Friday, 24 July 2009

The Week that Was

So its the end of my first week back at work and the Swine Flu panic, er, I mean pandemic is in full swing. We are getting 30-40 patients a day worried they have it. Some do, some don't. Should we be giving them all Tamiflu? Well that depends on what guidelines you read and whether you are bothered by something called evidence-based medicine.

You're no doubt aware of the mountainous piles of Tamiflu the government has stockpiled. Let's get one thing straight. Tamiflu is an antiviral but this doesn't mean its a cure. Its not like taking an antibiotic for pneumonia. At best it will shorten the duration of symptoms by a day. The evidence so far has shown it has no impact on mortality (i.e taking it won't stop you from dying if thats your fate). Its use in a pandemic is unproven.

Lets not forget all the side effects. We are already seeing children who get quite nasty vomiting from it (1 in 10). Trouble is you tell the parents to stop the drug and they shit themselves, convinced that Tamiflu is the only thing stopping their child from knocking on heavens door. So the child vomits themself into dehydration and ends up needing admission.

Interestingly a large study of Tamiflu's potential neuropyschiatric side effects showed a possible increase in seriously abnormal behaviour (such as self-harm) in the under 19s. Its not meant to be used in Japan for this age group such is the number of cases they have had. Of course in this country we have no such qualms in giving it to our children. Tamiflu is classed as a black triangle drug in the UK- this means its a new drug, not all the side effects (or frequency of) are known, or the potential interactions.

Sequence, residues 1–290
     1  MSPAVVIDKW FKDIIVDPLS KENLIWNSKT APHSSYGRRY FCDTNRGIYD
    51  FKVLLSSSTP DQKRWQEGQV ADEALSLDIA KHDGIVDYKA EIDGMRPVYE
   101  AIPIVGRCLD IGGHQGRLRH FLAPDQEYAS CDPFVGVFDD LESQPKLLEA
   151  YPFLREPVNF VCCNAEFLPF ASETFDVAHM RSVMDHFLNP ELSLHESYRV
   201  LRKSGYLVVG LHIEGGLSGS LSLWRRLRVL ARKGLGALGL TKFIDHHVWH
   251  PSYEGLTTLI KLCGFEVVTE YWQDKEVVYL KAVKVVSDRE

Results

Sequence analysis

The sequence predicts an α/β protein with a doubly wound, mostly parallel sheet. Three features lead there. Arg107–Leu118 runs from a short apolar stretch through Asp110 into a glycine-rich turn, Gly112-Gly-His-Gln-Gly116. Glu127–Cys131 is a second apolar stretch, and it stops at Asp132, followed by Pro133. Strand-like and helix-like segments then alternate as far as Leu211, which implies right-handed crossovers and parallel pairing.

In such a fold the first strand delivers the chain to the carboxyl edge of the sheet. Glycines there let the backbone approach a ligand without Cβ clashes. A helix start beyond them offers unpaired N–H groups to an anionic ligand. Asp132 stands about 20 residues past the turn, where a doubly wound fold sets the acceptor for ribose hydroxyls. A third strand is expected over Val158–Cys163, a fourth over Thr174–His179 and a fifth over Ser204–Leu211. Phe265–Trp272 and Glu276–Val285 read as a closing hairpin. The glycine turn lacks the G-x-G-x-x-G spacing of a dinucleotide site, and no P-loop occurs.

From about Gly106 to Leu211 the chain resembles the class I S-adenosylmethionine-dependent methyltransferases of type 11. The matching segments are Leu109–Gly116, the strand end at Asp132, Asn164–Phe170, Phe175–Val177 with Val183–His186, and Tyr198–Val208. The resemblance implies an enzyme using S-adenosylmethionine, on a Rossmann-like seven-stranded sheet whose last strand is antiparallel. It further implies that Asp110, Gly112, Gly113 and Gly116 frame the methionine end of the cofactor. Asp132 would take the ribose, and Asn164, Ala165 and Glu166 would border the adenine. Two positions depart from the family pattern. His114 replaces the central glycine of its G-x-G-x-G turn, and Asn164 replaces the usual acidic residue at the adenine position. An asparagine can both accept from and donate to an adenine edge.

One of the high risk groups for complications of Swine Flu is the under ones. The UK has a limited supply of liquid Tamiflu for this group. Guidelines state that all under 1's should be offered the drug. Trouble is is that it doesn't work, no evidence it works and I've been informed via a consultant Neonatologist that the under 1's lack the enzyme to activate it. Also the blood brain barrier hasn't fully formed yet meaning the drug that is known to cause hallucinations and confusion can easily pass into their developing brain. Brilliant. Is that in the press? Hell no, its not even in the Daily Mail which hates all things medical.

Now don't get me wrong. I'm not trying to scaremonger. I'm just letting you know that Tamiflu might make you quite sick, or worse. It lacks evidence of effectiveness and I'd think twice about giving it to anyone under 18.


  1. Interesting read, I will now definitely think twice before giving any of my children Tamiflu, if they happen to get Swine Flu. Thank you for this candid post. :0)

  2. My neighbour had suspected swine flu last week and as her "flu friend" I went to collect Tamiflu for her (as prescribed by her GP). 3 hours later she rang me telling me she felt much much worse and had been very sick. I then had to return to her doctors surgery in order to collect another prescription (presumably for anti-emetics). When I dropped the second prescription off she looked terrible and was clearly confused and very frightened as she was unsure whether it was the drug or the illness making her so sick. In the light of (1) her experience and (2) this blog post, I won't be touching the stuff.

    Thank you for an informative and helpful post.

  3. excellent information. Will avoid Tamiflu, should I be unfortunate enough to catch swine flu. Thank you!

  4. Interesting post.

    Re <1 year olds:
    - v difficult prescribing decision, dut to lack of risk and benefit info
    - oseltamivir needs to be metabolised by hepatic esterases, which are not present in infants aged up to 4 weeks.
    - reference RCPCH statement 6th May 2009

  5. Sorry, wrong link. Amended:

  6. thanks for that helpful link doctor blogs.